Many procurement teams face a problem that we call “the usual suspects”. This means that even for bids with more than 3 vendors responding, it’s the same vendors every time. While you may think, “well that’s not so bad, they all know how to do business with entities like us”, the problem is that these vendors are so comfortable with their marketplace that they are not truly motivated to compete. Vendors that run into the same 3 or 4 competitors for every one of your contract opportunities will often not be motivated to give your stakeholders truly great value. For some categories, “the usual suspects” are fine (and for certain speciality categories there may only be “the usual suspects”). However, at scale the lack of new blood in your vendor portfolio can put an unfortunate ceiling on the amount of value that your procurement team can create through running competitive processes. Thus, it’s important to measure the net number of vendors that submit bids for your contract opportunities, regardless of whether or not they are awarded. This is a simple ratio between net new submissions and the total number of bids submitted. For example, if 7 new vendors submitted bids out of a total 42 bids, then your Median Newcomers would be .16 (e.g. 1/6).

3.     Median No Bidders

The idea of tracking the number of bidders versus the number of bidders that “No Bid” isn’t new, but done at scale it can provide useful insights for increasing both Median Competitiveness and Median Responsive Bidders. Using Bid Ops internal analytics, we have a ranking for a vendor’s most common “No Bid” justifications:

1.     Not enough time to submit a bid

2.     Specifications written in a manner that they cannot meet (or believe is disadvantageous)

3.     Person whose job it is to respond to public sector solicitations is OOO

4.     Vendor registration process is too difficult or complex to access the relevant documents

By tracking and ranking these reasons internally, your team will have data to communicate to stakeholders the value of getting a bid out on the street earlier and leaving it open for longer. Your procurement team will be able to communicate with confidence the value of issuing an addenda to make a solicitation more competitive. Measuring median responsive bidders can be challenging because of the lack of collecting “No Bid” justifications, however the ratio is simple: “No Bids”/actual bids. For example, if you had 42 bid submissions and received 10 “No Bid” reports then your Median Responsive Bidders would be .238 (e.g. 10/42).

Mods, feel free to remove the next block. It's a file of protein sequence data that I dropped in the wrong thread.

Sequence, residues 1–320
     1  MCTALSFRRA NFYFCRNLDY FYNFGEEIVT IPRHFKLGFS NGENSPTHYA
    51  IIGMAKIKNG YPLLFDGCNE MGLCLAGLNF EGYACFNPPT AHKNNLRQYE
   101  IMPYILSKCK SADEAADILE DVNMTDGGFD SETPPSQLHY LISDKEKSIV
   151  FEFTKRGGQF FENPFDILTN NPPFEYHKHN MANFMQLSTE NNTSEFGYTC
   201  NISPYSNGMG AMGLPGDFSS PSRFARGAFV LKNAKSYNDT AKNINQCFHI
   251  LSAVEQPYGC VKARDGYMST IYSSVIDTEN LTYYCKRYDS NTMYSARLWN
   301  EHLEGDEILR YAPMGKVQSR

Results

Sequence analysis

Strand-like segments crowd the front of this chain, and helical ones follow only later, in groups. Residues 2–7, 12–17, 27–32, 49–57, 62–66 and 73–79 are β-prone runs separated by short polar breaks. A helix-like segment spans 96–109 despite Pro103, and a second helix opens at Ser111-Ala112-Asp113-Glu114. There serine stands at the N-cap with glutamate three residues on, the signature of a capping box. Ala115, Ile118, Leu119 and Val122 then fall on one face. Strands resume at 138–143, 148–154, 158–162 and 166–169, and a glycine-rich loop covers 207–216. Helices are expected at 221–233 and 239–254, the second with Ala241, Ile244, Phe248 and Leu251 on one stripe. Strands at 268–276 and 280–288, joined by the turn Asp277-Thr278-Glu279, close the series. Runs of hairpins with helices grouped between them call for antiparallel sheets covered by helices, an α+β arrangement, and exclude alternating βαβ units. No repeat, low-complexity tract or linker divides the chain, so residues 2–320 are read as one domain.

Now here’s what’s mind-blowing: success for this metric is actually getting this number above 1 (e.g. having some indication of why a qualified vendor didn’t bid is a good thing). Why is this? Because they represent part of the competitive landscape for your contract opportunities, and with slight changes in process they could participate in the future. The fact that they were sufficiently aware of your opportunity to indicate why they “No Bid” in principle means that they could participate in the future. Awesome public procurement teams will work to increase their market footprint year over year, and having 1.25-1.5 Median No Bidders is the perfect roadmap to make this possible.


Going beyond the “usual suspects”

Getting serious about increasing vendor participation isn’t easy. It means thinking beyond your typical Contractor Fair, Reverse Trade Show or Local Vendor Event. It means being strategic about making markets for your contract opportunities beyond “the usual suspects.”

Fundamentally, it means creating and running next-level discovery, engagement and qualification processes – and doing all this without creating more work for your team. Culturally, being smart about vendor engagement *only* works if it involves your team doing *less* busywork, getting *fewer* distracting vendor emails and getting real-time data to measure success. Solving this problem – increasing productivity in running a bid – is exactly why we created Bid Ops. 

 
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Bid Ops public sector teams easily deploy automated vendor engagement campaigns, get forecasts on vendor responsiveness and can see analytics associated with their opportunities at scale, including measuring Median Competitiveness, Newcomers and No Bids. Curious?

Sign up to see if you qualify for our Private Beta at bidops.com/privatebeta

Bid Ops Webinar: How Behavioral Insights Are Transforming Raw Materials Procurement

In our most recent webinar we take a dive into how behavioral insights generate leverage for buyers to built successful relationship and negotiate better with their vendors. Click play below to watch the full webinar.

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5 Ways Your Private Equity Firm's Procurement Playbook Can Benefit From Negotiation AI

 
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Last month I attended the Industrial Exchange conference in Miami, a new gathering organized by Jon Cooper for PE firms that own mid-market industrial companies and technology providers. To date, Bid Ops customer base has focused on large enterprises, and I was curious to learn more about how operating partners at PE firms with mid-market assets approach savings.

PE firms generally have “playbooks” that contain systematic business operating strategies that they execute on in order to make the companies they buy more valuable.

Top PE operating partners often have “procurement” or “supply chain” playbooks, and several of the IndEx talks were around pursuing value creation through procurement optimization and strategic sourcing. We reached out to Jon Cooper for a comment on this trend and he shared this insight: “"As shared service offerings become more comprehensive, PE-owned companies and their operators are more likely to use procurement playbooks and related supply chain improvement strategies to reduce cost and scale benefits across newly acquired businesses."